Great_Expectations_Book_Review

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9/3/2011 1 BOOK REVIEW -

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9/3/2011 2

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Made By- Sumit Sapra Parichay Tayal 9/3/2011 3

FORMAT OF PRESENTATION:

FORMAT OF PRESENTATION Key Facts Introduction Background Character Lists

Key Facts:

Key Facts full title · Great Expectations author · Charles Dickens type of work · Novel genres · Bildungsroman , social criticism, autobiographical fiction language · English time and place written · London, 1860 - 1861 date of first publication · Published serially in England from December 1860 to August 1861 ; published in book form in England and America in 1861 publisher · Serialized in All the Year Round ; published in England by Chapman & Hall; published in America by Harper & Brothers narrator · Pip climax · A sequence of climactic events occurs from Chapter 51 to Chapter 56 : Miss Havisham’s burning in the fire, Orlick’s attempt to murder Pip, and Pip’s attempt to help Magwitch escape London. protagonist · Pip 9/3/2011 GREAT EXPECTATIONS-REVIEW 5

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setting (time) · Mid-nineteenth century settings (place) · Kent and London, England falling action · The period following Magwitch’s capture in Chapter 54 , including Magwitch’s death, Pip’s reconciliation with Joe, and Pip’s reunion with Estella eleven years later tense · Past tone · Comic, cheerful, satirical, wry, critical, sentimental, dark, dramatic, foreboding, Gothic, sympathetic themes · Ambition and the desire for self-improvement (social, economic, educational, and moral); guilt, criminality, and innocence; maturation and the growth from childhood to adulthood; the importance of affection, loyalty, and · Crime and criminality; disappointed expectations; the connection between weather or atmosphere and dramatic evesympathy over social advancement and class superiority; social class; the difficulty of maintaining superficial moral and social categories in a constantly changing world. 9/3/2011 6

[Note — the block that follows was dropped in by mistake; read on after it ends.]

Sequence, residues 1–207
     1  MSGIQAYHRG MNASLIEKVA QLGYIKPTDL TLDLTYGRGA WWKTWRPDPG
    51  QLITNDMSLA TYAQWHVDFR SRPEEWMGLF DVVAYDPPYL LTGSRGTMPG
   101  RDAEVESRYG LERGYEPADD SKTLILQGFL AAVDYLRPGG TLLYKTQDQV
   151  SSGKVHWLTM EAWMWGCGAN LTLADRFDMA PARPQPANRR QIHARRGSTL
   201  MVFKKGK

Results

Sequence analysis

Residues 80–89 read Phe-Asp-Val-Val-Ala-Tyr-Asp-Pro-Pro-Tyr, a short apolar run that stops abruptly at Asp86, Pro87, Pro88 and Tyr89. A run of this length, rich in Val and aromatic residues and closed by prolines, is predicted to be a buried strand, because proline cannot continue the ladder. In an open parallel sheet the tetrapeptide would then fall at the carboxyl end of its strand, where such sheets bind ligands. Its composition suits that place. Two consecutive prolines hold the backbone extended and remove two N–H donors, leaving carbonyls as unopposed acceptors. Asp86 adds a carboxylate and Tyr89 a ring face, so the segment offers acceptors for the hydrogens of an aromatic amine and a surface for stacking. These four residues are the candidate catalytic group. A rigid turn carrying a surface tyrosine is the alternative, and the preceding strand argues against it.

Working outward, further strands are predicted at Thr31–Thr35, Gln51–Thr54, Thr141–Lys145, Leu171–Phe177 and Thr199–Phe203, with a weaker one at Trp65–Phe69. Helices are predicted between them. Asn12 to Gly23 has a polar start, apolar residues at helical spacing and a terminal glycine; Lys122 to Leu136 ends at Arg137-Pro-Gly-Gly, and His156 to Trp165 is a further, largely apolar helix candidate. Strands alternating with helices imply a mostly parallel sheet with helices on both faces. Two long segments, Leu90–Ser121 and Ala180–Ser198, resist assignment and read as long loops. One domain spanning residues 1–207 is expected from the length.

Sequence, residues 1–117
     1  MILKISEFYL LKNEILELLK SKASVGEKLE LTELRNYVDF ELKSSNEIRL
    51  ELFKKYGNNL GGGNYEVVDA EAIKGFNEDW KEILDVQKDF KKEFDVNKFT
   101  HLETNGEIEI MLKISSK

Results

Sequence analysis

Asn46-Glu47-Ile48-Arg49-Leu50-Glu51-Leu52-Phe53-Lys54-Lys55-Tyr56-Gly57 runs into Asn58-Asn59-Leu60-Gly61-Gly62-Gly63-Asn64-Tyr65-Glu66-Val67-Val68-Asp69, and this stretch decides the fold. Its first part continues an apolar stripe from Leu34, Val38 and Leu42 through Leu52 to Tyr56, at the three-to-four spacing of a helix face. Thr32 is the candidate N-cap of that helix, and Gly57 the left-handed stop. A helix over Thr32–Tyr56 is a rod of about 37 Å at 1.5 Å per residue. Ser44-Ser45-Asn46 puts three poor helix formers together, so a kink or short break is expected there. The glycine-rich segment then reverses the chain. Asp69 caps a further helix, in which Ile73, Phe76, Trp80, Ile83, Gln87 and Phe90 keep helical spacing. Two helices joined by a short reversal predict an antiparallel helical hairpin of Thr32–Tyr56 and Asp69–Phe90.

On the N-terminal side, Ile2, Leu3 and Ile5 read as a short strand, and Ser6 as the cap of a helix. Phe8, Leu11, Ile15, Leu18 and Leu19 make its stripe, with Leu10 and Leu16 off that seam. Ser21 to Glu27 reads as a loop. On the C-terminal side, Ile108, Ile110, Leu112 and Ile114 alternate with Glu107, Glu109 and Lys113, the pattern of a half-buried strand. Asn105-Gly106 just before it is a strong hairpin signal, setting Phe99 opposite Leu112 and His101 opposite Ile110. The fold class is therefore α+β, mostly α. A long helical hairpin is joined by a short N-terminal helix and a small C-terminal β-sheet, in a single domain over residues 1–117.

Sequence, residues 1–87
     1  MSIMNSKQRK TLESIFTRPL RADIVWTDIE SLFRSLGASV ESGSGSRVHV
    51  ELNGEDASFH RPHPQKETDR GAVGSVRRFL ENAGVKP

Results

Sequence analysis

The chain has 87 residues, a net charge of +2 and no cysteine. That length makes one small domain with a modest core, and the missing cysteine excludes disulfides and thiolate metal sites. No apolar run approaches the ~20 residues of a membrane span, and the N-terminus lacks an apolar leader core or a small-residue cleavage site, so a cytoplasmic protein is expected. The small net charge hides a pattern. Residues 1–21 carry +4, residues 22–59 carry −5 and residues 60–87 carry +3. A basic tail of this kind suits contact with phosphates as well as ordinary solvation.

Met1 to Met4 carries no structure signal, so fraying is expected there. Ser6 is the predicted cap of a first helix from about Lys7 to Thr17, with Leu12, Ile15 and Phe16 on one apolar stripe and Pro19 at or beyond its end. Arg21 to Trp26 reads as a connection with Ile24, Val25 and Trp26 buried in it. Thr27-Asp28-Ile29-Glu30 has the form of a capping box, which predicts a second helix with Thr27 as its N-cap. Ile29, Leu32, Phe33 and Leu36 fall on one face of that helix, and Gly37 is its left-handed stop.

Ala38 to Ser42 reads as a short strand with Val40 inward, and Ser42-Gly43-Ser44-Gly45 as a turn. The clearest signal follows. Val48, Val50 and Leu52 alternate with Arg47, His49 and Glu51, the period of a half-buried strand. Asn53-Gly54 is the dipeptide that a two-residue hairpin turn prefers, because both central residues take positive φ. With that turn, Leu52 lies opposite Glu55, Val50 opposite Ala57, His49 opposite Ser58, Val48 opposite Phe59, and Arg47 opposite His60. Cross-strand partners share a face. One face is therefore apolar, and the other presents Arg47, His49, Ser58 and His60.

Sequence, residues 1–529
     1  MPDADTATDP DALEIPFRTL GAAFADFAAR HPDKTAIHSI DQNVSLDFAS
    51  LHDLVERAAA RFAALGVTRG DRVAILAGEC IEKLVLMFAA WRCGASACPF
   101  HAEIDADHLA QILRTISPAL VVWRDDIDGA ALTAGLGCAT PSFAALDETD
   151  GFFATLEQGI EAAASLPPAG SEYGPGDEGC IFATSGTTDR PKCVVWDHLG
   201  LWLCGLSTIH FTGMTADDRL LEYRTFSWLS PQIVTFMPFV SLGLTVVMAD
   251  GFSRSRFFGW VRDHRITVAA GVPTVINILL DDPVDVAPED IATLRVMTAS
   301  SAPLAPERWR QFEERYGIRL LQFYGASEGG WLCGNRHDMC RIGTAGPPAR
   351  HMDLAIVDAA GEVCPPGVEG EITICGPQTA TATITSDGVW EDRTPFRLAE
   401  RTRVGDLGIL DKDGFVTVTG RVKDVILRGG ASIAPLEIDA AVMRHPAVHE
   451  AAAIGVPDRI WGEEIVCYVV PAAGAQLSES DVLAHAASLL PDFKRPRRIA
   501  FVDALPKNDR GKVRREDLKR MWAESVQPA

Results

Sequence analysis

Great Expectations: Introduction:

Great Expectations: Introduction Is it childish to dream about a future completely different from what you expect to happen?

Great Expectations: Introduction:

Great Expectations: Introduction In Great Expectations, Pip is at first content with his future as a blacksmith’s apprentice. The blacksmith, his brother-in-law Joe, is much nicer than Pip’s own sister—who has brought him up “by hand.”

Great Expectations: Introduction:

Great Expectations: Introduction One day Pip wanders across the marshes to visit his parents’ graves. But instead, he finds a runaway convict who demands that Pip help him escape from his chains.

Great Expectations: Introduction:

Great Expectations: Introduction Although the man is later caught, Pip feels horribly guilty. He is sure Joe will be disappointed if he finds out what Pip has done.

Great Expectations: Introduction:

Great Expectations: Introduction But this frightening episode fades from Pip’s memory when he encounters even more remarkable people. He is invited to rich Miss Havisham’s house to be a playmate for Estella, the proud girl in her care.

Great Expectations: Introduction:

Great Expectations: Introduction Years ago, Miss Havisham’s fiancé stood her up at the altar. Ever since, she has remained in her wedding dress, let no sunlight into her house, and let the clocks stop. Everything is left just as it was the day of her heartbreak.

Great Expectations: Introduction:

Great Expectations: Introduction Pip’s friends all hope that Miss Havisham will “do something” for him—give him money. However, for Pip, the appeal of Miss Havisham’s house isn’t just the thought of money or the elegant lifestyle: It’s Estella.

Great Expectations: Introduction:

Great Expectations: Introduction And then, the unexpected happens! An anonymous benefactor sends money to pay for Pip’s education in London!

Great Expectations: Introduction:

Great Expectations: Introduction Is Miss Havisham giving Pip the money? Does she hope to make Pip into a gentleman for his own sake? Or is it for the sake of someone else?